In our free society, businesses generally have the right to make their own rules about what to sell and what limitations may be placed on that (understanding there can be legal issues in play). If we cannot support a business’ right to have some of their own rules, then perhaps we don't believe in freedom as much as we may think. We may not like a decision made by a particular business, but these are their decisions to make, and I support their right to do so whether I like it or not.
Likewise, consumers get to decide where they will go or not go to purchase or not purchase whatever they may choose, subject to the business selling what the consumer wants. I do not go into a business and demand they sell what I want, my way, even if that’s not what they sell. “Have it your way” may be what a certain burger restaurant used to have as their slogan, but that’s not typically the way business works. They might try to accommodate as they can, and we all appreciate that.
I am all for freedom. Freedom for the business. Freedom for the consumer. Let each do what they will (with moral accountability). That’s what freedom looks like, like it or not.
Yet freedom in a free market system is not what really what I want to think about. The above is part of our cultural reality. We cherish freedom, but if we are going to be consistent, we must allow both the business and the consumer to be free (even though we expect regulations within reason). Yet there is a much greater reality, a greater freedom that we ought to be concerned about. This is the freedom we have in Christ. Think of the discussion Jesus had with some of the Jews who had believed in Him (John 8:31-36). He told them, “If you abide in my word, you are truly my disciples, and you will know the truth, and the truth will set you free” (vv. 31-32). They protested that they had never been enslaved (well… anyone remember Egypt?). They were misunderstanding Jesus’ point. He came to bring spiritual freedom from sin: “Truly, truly, I say to you, everyone who practices sin is a slave to sin. The slave does not remain in the house forever; the son remains forever. So if the Son sets you free, you will be free indeed” (vv. 34-46). True, eternal freedom is found in Jesus when He cleanses us from sin.
This freedom in Christ, however, is not a “Have it your way” style that might be found in a “fast-food” type of religious environment. This freedom is based upon Christ’s will, His work, and His way. There are not multiple ways to this freedom. If we don’t like what He offers, God gave us the free will to reject it. However, we do not have the ability to reject it, then honestly expect that we will receive the blessings of that freedom anyway. “The one who rejects me and does not receive my words has a judge; the word that I have spoken will judge him on the last day” (John 12:48).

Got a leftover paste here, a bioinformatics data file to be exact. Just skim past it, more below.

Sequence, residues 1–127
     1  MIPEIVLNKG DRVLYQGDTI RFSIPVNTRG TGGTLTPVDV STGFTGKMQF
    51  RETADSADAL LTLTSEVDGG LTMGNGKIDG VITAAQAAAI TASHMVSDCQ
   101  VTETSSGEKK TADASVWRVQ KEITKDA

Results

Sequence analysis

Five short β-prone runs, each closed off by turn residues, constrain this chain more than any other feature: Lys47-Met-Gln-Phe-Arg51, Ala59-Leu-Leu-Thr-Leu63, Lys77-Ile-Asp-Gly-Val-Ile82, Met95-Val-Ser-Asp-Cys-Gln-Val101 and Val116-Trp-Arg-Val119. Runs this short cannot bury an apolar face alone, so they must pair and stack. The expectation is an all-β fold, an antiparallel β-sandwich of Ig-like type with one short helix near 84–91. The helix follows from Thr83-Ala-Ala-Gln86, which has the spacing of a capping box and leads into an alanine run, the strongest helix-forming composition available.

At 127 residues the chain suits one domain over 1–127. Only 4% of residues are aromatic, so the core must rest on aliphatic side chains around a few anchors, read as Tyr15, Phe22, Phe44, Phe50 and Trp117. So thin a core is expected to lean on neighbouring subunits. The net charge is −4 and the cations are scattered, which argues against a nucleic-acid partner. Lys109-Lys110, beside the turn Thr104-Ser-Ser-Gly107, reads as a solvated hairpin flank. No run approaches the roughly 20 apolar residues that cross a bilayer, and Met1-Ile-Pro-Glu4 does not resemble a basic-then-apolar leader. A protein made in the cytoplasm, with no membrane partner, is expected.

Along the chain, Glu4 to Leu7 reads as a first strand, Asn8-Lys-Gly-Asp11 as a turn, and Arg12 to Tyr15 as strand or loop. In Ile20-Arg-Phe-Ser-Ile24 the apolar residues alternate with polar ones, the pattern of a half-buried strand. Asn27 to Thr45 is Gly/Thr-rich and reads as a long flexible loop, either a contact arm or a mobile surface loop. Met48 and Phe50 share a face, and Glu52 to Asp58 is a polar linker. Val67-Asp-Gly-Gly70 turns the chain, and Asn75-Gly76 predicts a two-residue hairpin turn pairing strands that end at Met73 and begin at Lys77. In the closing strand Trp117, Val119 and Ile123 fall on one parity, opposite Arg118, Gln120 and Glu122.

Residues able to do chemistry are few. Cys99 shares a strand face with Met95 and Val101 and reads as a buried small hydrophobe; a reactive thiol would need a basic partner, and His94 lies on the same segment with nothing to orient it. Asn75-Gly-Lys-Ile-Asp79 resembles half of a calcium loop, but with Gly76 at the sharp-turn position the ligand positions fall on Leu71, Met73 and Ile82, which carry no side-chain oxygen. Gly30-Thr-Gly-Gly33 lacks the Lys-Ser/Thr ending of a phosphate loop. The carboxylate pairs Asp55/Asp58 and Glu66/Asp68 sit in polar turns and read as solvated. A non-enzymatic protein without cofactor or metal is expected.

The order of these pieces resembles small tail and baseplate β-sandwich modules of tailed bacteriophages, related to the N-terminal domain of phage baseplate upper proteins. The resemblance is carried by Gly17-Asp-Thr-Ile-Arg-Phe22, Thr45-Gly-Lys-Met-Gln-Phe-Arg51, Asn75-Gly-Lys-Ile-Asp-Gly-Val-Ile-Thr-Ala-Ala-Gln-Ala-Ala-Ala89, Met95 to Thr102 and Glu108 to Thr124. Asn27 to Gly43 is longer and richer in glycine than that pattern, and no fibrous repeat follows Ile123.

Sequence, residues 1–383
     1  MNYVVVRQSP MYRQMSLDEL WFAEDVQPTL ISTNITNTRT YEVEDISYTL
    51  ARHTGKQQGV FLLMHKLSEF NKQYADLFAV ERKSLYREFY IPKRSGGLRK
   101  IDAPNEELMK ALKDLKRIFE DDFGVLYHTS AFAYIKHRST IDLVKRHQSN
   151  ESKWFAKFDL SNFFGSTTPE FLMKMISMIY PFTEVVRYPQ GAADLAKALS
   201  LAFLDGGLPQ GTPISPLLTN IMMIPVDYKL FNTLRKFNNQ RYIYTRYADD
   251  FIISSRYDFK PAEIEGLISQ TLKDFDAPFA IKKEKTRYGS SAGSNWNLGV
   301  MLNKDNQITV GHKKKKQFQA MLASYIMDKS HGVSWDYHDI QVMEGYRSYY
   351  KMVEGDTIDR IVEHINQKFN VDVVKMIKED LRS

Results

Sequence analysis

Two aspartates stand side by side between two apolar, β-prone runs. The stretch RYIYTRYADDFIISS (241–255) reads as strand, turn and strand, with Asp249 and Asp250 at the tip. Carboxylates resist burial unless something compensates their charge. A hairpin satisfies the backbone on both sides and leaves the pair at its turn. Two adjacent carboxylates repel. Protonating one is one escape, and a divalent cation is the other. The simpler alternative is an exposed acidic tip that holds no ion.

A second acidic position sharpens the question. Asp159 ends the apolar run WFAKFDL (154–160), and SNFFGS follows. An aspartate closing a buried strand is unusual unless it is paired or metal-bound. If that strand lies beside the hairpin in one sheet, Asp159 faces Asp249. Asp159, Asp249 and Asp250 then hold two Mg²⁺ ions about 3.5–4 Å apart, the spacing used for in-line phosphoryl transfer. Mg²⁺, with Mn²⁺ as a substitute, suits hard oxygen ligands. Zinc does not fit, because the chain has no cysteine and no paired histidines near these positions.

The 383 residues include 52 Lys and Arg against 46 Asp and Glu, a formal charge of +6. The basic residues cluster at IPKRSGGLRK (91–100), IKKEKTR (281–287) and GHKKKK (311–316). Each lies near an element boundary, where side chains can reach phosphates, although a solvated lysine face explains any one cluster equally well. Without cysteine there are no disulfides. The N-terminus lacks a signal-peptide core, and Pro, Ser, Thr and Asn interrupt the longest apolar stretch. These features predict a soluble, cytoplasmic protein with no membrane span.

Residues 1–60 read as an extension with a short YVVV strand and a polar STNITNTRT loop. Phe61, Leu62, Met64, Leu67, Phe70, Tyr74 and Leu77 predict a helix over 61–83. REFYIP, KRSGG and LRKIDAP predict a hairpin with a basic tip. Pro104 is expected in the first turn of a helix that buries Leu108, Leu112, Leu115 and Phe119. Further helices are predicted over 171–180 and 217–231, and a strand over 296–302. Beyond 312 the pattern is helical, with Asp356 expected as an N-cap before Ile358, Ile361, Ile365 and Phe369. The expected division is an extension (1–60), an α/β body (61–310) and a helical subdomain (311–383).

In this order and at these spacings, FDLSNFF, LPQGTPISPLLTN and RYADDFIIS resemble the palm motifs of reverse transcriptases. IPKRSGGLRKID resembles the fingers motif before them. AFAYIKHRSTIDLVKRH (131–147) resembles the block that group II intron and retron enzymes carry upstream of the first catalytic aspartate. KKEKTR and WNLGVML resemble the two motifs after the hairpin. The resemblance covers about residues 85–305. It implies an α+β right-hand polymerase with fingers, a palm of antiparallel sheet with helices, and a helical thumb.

We are free to serve the Lord and please Him, unshackled by the slavery of what sin does to us. We are free from our sins when we submit to His grace (cf. Rom 8:1-2). Yet we are not free to demand from God that we get our will, that we get to serve Him our way or present ultimatums to Him. That’s a fool’s course of action when it comes to the Lord. “Submit yourselves therefore to God. Resist the devil, and he will flee from you” (Jas 4:7). “Humble yourselves before the Lord, and he will exalt you” (v. 10). Paul wrote:
“We know that our old self was crucified with him in order that the body of sin might be brought to nothing, so that we would no longer be enslaved to sin. For one who has died has been set free from sin … So you also must consider yourselves dead to sin and alive to God in Christ Jesus” (Rom 6:6-11).
One danger we face is taking a concept of cultural freedom and expecting that spiritual freedom works exactly the same. It does not. Culturally, we have the freedom to protest what we don’t like, for example (whether or not a Christian should do such is another discussion). Should a child of God ever protest God’s will? In Christ, we are free and thereby receive all the spiritual blessings that come with His will (Eph 1:3). We are not free to do whatever we want. Let us be careful that we are not making demands of God for the sake of our cultural concepts of freedom. If we want to protest God, we are fools to expect that God will just bow to our demands. Let us rather appreciate freedom in Christ the way God gives it. This is the only way to be free indeed and to have the freedom that endures into eternal life. Sin and its consequences will no longer keep us in slavery.